What are Derivatives in Stock Market? – Derivatives Meaning, Definition, Benefits & Risks

By Advisorymandi
23-October-2018 11:01:48 AM
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Derivatives – Meaning & Definition

A derivative is a financial contract between two parties with a value/price that is derived from an underlying asset that both parties were agreed upon. The reason its “value derived from an underlying asset” is because derivatives have no direct value – their value based on the expected future price of the underlying asset. Speaking of underlying instruments, the common underlying instruments include stocks, bonds, commodities, currencies, interest rates, and market indexes etc. These are commonly used as an instrument for hedging and speculating purposes, which allow the risks associated with the underlying asset’s price to carried out between the parties involved in the contract. The derivatives are created to mitigate a large number of risks in the value of underlying assets which changes every now or then.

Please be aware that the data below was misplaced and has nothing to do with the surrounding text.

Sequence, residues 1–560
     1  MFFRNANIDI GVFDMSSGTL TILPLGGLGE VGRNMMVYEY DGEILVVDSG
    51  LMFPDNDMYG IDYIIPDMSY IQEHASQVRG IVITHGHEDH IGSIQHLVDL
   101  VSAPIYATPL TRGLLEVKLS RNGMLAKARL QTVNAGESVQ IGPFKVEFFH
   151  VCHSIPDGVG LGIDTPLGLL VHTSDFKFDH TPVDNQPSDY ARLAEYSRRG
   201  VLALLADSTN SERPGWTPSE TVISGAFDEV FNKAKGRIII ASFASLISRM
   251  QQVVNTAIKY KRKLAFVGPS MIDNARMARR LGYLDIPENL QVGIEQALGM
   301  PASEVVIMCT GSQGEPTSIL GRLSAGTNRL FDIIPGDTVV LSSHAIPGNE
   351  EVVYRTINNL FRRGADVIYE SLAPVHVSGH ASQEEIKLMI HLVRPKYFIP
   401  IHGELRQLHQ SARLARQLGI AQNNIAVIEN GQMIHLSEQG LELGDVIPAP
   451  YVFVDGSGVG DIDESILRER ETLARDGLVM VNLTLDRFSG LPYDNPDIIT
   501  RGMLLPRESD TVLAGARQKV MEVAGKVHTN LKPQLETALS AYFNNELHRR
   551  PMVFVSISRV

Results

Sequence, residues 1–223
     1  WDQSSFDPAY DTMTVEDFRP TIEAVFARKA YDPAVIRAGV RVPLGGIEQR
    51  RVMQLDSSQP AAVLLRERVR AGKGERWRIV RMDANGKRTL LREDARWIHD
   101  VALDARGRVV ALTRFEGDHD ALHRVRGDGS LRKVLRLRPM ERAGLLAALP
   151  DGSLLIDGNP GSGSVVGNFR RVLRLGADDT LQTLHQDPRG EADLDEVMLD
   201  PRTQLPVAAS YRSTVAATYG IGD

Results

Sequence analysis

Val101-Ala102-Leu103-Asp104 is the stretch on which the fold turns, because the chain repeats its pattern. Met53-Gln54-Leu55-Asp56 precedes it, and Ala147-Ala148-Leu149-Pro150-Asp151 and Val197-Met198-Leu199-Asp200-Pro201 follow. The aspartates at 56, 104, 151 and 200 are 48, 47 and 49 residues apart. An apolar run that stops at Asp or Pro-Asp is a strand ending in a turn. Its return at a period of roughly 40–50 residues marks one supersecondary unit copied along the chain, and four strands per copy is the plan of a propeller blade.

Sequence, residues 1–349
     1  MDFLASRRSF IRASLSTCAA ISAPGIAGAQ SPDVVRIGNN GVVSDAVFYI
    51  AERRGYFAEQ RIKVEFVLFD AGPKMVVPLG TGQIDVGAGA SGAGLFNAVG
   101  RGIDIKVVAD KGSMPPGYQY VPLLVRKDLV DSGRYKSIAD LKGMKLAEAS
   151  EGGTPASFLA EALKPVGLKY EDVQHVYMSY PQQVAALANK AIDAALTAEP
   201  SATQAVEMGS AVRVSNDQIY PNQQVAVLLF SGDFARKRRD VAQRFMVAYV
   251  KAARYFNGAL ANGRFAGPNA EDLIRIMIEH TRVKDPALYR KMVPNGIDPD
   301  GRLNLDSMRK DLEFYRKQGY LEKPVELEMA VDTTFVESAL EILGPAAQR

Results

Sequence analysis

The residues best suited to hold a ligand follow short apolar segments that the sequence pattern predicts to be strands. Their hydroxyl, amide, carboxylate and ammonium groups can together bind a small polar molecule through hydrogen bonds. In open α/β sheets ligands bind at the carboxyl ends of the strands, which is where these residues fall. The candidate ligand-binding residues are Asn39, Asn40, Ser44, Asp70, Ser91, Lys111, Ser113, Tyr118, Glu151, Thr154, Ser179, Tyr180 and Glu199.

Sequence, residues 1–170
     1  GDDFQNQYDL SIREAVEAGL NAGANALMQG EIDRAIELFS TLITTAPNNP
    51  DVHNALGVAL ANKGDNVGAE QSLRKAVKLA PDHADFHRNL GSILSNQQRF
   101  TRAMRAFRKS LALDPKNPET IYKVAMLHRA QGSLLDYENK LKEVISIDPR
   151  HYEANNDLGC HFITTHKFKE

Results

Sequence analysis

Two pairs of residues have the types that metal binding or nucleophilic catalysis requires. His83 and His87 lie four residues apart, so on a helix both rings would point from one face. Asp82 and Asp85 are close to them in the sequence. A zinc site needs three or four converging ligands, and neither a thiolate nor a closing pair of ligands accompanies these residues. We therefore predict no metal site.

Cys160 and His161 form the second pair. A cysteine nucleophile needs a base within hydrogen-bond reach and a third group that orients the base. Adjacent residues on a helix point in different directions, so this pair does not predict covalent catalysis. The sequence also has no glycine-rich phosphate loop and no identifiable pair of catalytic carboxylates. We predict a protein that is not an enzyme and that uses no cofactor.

For example, a value of stock fluctuates, the exchange rate of a pair of currencies change, the price of commodities may increase or decrease, and indices may fluctuate. These fluctuations may help investors make profits but these fluctuations are like a two-edged sword. One can make big profits from a change in prices and can also lose hugely because of unexpected sudden change in prices. That’s where the derivatives come in picture. It helps investors to make additional profits by accurately guessing the future price.